In 1979, Cocker joined the "Woodstock in Europe" tour, which featured musicians like Arlo Guthrie and Richie Havens who had played at the 1969 Woodstock Festival. He also performed in New York's Central Park to an audience of 20,000 people. The concert was recorded and released as the live album, Live in New York.[22] He also toured Europe and appeared on the German television recording amphitheatre, Rockpalast, the first of many performances on the show. In 1982, Cocker recorded a song with jazz group the Crusaders on their album Standing Tall. The song was nominated for a Grammy Award and Cocker performed it with the Crusaders at the awards ceremony. Cocker then released a new reggae-influenced album, Sheffield Steel, recorded with the Compass Point All Stars, produced by Chris Blackwell and Alex Sadkin.

Later career (1982–present)

Cocker performing in Hallandale, Florida in 2003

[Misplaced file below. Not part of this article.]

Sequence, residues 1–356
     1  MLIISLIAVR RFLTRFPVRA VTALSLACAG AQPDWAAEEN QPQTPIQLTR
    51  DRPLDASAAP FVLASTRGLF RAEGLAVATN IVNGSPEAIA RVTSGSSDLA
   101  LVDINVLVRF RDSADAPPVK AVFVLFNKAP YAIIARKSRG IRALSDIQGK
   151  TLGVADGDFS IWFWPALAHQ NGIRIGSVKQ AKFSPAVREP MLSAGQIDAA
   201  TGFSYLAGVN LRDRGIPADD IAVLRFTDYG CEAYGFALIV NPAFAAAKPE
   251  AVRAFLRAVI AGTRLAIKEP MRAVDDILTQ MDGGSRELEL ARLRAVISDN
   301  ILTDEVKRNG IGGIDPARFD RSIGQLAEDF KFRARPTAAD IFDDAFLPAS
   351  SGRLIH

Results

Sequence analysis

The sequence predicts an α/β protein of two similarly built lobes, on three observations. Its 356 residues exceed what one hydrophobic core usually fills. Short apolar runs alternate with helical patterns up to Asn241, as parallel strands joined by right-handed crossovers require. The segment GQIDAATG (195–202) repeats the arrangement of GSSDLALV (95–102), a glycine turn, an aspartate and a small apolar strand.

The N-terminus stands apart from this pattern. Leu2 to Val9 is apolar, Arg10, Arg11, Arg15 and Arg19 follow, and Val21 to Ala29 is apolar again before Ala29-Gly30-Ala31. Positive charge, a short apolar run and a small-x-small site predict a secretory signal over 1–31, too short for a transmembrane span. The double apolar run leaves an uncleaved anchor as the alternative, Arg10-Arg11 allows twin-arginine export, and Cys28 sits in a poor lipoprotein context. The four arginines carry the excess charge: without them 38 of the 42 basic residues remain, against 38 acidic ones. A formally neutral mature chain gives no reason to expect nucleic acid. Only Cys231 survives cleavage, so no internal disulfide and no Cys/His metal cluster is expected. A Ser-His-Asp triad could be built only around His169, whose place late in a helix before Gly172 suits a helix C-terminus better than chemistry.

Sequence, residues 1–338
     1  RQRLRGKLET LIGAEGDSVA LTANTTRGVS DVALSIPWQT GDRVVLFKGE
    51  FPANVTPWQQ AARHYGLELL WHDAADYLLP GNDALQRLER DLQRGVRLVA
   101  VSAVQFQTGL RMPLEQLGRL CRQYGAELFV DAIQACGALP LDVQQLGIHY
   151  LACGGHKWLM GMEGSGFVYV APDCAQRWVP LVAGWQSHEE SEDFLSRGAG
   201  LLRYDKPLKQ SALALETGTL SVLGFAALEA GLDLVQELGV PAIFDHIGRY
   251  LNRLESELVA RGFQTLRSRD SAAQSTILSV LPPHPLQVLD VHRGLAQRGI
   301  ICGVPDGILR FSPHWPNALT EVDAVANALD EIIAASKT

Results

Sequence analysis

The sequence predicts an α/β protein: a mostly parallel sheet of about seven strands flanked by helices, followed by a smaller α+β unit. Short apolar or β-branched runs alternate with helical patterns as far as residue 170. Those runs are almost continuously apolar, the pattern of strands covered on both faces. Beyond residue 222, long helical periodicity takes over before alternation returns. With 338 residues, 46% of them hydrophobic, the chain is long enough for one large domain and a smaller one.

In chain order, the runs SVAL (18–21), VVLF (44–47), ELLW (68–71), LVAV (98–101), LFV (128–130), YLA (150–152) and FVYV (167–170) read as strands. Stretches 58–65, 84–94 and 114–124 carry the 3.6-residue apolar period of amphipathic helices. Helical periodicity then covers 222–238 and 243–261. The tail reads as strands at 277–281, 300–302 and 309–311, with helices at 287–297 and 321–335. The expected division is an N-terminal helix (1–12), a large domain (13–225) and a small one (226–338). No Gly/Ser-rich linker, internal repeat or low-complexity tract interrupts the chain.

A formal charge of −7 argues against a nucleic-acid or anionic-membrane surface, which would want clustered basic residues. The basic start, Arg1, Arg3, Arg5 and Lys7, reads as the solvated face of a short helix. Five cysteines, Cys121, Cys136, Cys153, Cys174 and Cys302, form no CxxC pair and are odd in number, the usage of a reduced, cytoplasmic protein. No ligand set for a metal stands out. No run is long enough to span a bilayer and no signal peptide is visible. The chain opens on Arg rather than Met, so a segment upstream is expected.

In 1982, at the behest of producer Stewart Levine, Cocker recorded the duet "Up Where We Belong" with Jennifer Warnes for the soundtrack of the 1982 film An Officer and a Gentleman. The song was an international hit, reaching number 1 on the Billboard Hot 100, and winning a Grammy Award for Best Pop Performance by a Duo. The duet also won an Academy Award for Best Original Song, and Cocker and Warnes performed the song at the awards ceremony. Several days later, he was invited to perform "You Are So Beautiful" with Ray Charles in a television tribute to the musician. He then joined singer Ronnie Lane's 1983 tour to raise money for the London-based organisation Action for Research into Multiple Sclerosis, in particular because Lane was beginning to suffer from the degenerative disease. Musicians such as Pete Townshend, Eric Clapton, Jimmy Page, Jeff Beck and Chris Stainton also participated in the tour which included a performance at Madison Square Garden. While on another tour that year, Cocker was arrested by Austrian police after refusing to perform because of inadequate sound equipment. The charges were eventually dropped and Cocker was released.[23] Shortly after the incident, he released his ninth studio album, Civilized Man. His next album Cocker was dedicated to his mother, Madge, who died when he was recording in the studio. A track from the album, "You Can Leave Your Hat On" was featured in the 1986 film 9½ Weeks. The album eventually went Platinum on the European charts.[24] His 1987 album Unchain My Heart was nominated for a Grammy Award, although it did not win. One Night of Sin was also a commercial success, surpassing Unchain My Heart in sales.